Their social and political activism also helped determine their choice of career. "The reason I went to nursing school was the fear that I wouldn't be able to work in the states because of my politics," Carol said. "Now I have enormous freedom to do political work and speak out because I'm very employable. Being in health care gives you that freedom."
Fred Adler studied classical piano until early in his college education. He still studies composition and continues to play -- he and pianist Felicia Oldfather will perform a benefit concert on Jan. 15 at HSU for the GI Rights Hotline, in which he is also active (see "Answering the call," Oct. 6, 2005).
He switched to medicine from music for the usual practical reasons -- the uncertainty of a musical career -- but also to enhance his effectiveness in social causes. "There were years when I struggled with it," he admitted. "It wasn't my first choice. I would rather be doing music than any of these other things. But I think I'm a good doctor, and now I'm even happy as a doctor. It's been very good to me, and it gives you a role that a lot can be done with, aside from the medical practice itself. As a doctor, you have status. When we went to talk to Mike Thompson, it helped that we had two physicians in our group. It helps you get in the door."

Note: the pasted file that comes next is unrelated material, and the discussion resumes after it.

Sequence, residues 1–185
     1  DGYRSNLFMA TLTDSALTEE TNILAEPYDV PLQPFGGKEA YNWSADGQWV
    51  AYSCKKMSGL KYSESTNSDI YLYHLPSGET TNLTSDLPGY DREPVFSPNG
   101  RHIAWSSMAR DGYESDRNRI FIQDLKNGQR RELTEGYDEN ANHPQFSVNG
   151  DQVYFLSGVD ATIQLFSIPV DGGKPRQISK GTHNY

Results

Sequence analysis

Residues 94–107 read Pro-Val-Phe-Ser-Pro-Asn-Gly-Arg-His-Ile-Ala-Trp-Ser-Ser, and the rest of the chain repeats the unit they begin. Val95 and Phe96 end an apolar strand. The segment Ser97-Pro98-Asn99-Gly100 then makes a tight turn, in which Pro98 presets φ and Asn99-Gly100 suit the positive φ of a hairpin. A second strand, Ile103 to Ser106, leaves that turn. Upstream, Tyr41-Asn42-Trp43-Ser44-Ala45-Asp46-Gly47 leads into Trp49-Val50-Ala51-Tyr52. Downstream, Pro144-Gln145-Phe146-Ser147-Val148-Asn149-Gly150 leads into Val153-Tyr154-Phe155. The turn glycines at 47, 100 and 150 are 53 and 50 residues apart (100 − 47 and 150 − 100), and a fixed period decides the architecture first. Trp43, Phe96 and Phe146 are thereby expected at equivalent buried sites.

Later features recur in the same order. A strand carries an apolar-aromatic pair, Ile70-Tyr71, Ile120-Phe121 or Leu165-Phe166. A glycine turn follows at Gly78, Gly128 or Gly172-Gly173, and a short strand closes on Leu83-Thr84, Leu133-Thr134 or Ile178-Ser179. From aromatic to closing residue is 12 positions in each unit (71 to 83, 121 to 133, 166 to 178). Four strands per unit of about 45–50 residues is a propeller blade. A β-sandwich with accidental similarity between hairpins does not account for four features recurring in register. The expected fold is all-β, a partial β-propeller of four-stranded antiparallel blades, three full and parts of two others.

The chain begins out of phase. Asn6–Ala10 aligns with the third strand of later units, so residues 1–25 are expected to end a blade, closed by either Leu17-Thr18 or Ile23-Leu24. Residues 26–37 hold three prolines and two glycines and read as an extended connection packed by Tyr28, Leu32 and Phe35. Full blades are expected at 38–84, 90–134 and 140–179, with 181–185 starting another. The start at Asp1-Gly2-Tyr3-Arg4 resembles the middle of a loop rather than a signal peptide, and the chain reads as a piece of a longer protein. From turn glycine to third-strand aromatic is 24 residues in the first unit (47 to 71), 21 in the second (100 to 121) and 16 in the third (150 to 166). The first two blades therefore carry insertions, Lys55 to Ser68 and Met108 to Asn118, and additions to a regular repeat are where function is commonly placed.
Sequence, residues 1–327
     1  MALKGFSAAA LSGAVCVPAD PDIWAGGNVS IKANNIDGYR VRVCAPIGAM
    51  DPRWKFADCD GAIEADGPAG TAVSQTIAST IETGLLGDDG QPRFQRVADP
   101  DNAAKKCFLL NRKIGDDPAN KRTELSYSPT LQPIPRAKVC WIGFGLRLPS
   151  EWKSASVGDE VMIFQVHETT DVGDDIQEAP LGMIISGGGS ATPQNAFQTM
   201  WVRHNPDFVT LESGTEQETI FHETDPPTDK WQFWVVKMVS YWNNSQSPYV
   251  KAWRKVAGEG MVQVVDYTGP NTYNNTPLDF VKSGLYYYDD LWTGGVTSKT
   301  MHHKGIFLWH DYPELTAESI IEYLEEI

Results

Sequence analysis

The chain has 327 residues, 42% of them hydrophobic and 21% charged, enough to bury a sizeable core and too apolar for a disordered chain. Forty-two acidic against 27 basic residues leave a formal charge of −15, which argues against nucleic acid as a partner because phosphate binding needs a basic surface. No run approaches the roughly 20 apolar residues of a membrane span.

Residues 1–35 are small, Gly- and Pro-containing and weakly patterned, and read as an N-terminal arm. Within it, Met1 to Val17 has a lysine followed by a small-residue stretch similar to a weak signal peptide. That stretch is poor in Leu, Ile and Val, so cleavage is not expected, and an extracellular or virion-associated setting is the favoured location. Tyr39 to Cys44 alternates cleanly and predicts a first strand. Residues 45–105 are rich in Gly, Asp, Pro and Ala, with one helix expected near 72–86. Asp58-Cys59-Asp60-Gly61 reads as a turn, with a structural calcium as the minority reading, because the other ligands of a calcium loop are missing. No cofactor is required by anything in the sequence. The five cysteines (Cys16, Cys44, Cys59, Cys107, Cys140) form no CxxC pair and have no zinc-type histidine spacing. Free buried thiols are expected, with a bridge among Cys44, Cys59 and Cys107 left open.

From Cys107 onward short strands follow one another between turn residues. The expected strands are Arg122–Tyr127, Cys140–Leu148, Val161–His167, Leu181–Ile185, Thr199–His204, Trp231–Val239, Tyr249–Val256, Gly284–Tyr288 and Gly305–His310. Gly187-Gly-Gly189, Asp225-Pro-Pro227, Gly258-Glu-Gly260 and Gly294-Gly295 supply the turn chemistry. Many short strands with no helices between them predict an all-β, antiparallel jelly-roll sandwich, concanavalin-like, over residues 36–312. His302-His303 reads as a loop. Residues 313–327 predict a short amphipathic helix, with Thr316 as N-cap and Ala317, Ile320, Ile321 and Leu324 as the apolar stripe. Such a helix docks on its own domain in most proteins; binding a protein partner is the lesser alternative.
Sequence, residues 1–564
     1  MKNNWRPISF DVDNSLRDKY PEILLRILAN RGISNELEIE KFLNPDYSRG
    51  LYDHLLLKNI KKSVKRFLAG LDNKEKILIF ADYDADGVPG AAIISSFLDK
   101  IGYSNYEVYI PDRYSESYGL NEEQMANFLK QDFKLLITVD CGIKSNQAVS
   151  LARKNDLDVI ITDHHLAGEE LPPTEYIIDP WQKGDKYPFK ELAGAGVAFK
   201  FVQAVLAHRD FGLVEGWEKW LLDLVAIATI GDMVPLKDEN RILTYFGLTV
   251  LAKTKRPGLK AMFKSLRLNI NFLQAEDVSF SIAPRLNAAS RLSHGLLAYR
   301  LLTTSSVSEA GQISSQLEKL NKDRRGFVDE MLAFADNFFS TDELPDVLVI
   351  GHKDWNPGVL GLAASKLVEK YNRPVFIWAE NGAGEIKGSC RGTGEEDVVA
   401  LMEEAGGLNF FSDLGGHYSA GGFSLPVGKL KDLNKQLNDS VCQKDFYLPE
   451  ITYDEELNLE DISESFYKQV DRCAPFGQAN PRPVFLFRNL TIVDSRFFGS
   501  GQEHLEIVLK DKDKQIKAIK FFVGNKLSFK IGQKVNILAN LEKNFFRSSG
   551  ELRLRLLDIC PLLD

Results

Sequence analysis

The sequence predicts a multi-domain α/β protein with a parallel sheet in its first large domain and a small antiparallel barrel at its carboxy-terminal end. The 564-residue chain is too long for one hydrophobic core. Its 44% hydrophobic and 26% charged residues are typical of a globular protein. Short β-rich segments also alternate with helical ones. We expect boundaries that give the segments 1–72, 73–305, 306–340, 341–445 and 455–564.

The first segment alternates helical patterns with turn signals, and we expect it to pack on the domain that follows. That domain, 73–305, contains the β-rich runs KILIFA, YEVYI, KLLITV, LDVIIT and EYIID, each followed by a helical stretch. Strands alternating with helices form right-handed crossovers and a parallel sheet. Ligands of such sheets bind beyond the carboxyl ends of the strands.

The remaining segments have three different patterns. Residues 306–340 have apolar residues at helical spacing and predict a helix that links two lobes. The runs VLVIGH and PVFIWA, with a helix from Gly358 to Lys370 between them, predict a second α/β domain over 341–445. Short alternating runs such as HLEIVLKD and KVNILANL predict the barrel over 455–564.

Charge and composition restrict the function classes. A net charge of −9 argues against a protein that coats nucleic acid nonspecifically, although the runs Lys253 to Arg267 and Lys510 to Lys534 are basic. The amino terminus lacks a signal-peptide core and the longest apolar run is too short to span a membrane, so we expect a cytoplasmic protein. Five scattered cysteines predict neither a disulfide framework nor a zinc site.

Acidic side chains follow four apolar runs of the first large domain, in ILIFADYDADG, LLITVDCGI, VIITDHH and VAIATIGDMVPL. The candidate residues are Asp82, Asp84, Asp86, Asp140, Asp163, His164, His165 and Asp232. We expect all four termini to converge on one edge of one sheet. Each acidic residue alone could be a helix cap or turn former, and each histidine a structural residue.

On any given Sunday, the Quakers probably form one of the smaller congregations in Humboldt. The Humboldt Friends have a mailing list of 40 families and individuals. There are usually around 15 people at the Sunday Meeting for Worship.
But Meeting is open to everyone, and sometimes it attracts curious students from HSU, or Quakers from other places who are visiting Humboldt.
"And there are certain times, like when we're about to get into a war, when a lot of people come to Meeting who don't usually come," Fred Adler observed.
"Yes," Cruickshank agreed. "We know to put out extra chairs that day."